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In contemporary East Asia, many countries have combined influences from the East with elements from the West, just like the works created by artist Liu Kuo-sung (劉國松). For more audiences to meet the artist who has strung the East with the West and the ancient with the contemporary, the National Museum of History has teamed up with Indonesian, Malaysian, and Singaporean institutes to co-sponsor "Revolution/Renaissance: The Art of Liu Kuo-sung.”
Born in China's Anhui Province in 1932, Liu relocated to Taiwan in 1949 and graduated from the National Taiwan Normal University's Department of Arts in 1956. In response to the prevailing atmosphere of "all good drawings require the Zhong Fong technique*” at that time, he coined the slogan of "modernizing Chinese painting,” vowing to"never allow the art of Chinese paintings to be buried by the hands of our generation.” He advocated "revolutionizingthe Zhong Fong technique and revolutionizingthe painting brush” and has since made the establishment of new 20th-century Chinese painting traditions his lifetime vocation.
As the most distinctive form of art in East Asia, calligraphy-and-ink art not only has a long history but also embodies cultural history and humanistic values. As "a missionary of modern ink painting” and "an indomitable representative who has blended traditional Chinese landscape painting with modern abstract concepts,” Liu developed a line of creative techniques based on Eastern models while sparing no effort in promoting Chinese arts throughout the world.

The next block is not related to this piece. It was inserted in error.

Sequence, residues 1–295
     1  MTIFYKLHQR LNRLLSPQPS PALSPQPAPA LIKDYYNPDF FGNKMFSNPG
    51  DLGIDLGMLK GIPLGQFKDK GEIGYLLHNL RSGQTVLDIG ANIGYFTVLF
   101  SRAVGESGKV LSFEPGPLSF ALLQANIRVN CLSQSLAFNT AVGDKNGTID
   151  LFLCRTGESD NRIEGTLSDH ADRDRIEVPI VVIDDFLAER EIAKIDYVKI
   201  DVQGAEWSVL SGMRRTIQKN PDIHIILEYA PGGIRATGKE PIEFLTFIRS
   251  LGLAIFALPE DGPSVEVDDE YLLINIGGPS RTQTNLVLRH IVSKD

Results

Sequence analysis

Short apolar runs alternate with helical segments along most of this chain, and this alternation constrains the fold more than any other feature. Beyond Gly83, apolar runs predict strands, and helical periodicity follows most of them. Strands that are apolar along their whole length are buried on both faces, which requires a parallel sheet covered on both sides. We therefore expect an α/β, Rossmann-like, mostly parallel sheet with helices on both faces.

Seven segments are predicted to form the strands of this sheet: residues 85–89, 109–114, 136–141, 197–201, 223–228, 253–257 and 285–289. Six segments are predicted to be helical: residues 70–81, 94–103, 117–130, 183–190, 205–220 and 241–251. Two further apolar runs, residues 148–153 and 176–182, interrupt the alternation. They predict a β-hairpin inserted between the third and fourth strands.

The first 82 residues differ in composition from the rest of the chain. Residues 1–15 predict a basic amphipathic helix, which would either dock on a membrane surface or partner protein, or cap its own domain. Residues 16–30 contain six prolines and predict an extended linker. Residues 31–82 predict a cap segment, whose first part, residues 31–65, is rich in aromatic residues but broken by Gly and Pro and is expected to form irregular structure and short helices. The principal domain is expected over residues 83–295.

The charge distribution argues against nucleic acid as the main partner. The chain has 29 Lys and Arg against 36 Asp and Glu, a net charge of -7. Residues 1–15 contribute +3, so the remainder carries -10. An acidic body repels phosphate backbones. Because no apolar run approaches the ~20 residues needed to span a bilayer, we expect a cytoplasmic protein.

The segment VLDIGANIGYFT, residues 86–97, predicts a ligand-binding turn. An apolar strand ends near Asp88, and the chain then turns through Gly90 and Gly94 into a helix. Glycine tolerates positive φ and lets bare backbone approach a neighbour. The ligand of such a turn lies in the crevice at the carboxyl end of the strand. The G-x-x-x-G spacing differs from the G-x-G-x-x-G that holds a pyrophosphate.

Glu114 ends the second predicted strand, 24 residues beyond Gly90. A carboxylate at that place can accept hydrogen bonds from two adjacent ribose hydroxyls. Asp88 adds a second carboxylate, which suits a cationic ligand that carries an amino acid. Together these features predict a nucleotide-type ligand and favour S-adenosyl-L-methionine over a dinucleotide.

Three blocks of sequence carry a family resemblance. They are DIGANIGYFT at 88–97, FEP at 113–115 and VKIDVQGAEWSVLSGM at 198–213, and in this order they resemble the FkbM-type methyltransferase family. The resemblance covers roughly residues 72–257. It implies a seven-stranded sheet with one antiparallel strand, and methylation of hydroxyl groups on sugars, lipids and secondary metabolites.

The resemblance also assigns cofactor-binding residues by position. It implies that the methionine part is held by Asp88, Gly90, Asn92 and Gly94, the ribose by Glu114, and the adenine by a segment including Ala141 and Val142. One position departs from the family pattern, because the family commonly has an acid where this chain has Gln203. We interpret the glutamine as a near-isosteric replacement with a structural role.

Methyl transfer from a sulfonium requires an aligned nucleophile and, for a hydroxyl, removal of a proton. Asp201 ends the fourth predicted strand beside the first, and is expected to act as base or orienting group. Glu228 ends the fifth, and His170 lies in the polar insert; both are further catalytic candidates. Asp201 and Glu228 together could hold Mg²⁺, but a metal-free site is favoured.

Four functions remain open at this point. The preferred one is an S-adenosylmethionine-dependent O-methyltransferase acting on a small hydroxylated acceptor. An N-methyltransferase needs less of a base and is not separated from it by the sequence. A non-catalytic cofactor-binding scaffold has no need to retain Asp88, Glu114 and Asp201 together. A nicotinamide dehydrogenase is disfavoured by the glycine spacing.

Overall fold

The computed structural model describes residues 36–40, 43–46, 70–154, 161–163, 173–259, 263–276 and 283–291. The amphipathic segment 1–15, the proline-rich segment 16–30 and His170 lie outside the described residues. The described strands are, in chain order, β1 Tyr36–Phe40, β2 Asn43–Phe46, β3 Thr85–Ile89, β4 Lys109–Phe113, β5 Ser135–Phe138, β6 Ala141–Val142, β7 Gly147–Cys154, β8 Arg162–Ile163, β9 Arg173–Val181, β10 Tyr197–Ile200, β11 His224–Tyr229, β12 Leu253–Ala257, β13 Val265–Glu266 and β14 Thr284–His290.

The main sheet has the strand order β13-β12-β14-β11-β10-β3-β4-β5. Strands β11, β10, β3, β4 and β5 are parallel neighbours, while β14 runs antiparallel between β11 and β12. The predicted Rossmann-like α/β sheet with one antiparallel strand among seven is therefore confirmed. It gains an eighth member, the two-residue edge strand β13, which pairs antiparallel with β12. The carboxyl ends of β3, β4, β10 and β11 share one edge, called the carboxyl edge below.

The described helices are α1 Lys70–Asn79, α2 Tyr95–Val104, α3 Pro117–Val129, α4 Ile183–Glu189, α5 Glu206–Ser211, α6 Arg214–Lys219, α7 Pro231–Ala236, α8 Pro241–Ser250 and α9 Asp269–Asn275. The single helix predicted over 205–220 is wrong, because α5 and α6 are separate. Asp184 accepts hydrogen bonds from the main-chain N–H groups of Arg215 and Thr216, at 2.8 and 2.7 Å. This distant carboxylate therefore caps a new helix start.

Liu's contributions to modern ink painting and his individual style both have had a far-reaching influence on the post-war art development in Taiwan. South Korea, Japan, Hong Kong, Southeast Asia, and mainland China have also been impacted by the artist, resulting in a fundamental change in ink paintings of the Eastern school.
Twelve books on Liu are now available in Chinese, English, and German, and his creation theory and paintings have not only been widely praised by painters, critics, and art history commentators at home and abroad, but have been adopted and elevated into an established practice.
With the assistance of the Museum of Contemporary Arts in Singapore, the National Bureau for Visual Arts Development in Malaysia, and the National Museum of Indonesia in Jakarta, "Revolution/Renaissance: The Art of Liu Kuo-sung” will display more than 100 of Liu's masterpieces in the hopes of perpetuating his legacy and building a bridge of friendship in East Asia through art creation.
*Editor's Note: 'Zhong Fong' (中鋒) is a calligraphy technique that keeps the brush tip always in the middle of a stroke. It is one of the 36 calligraphy techniques used to paint stonydetails on mountains and rocks.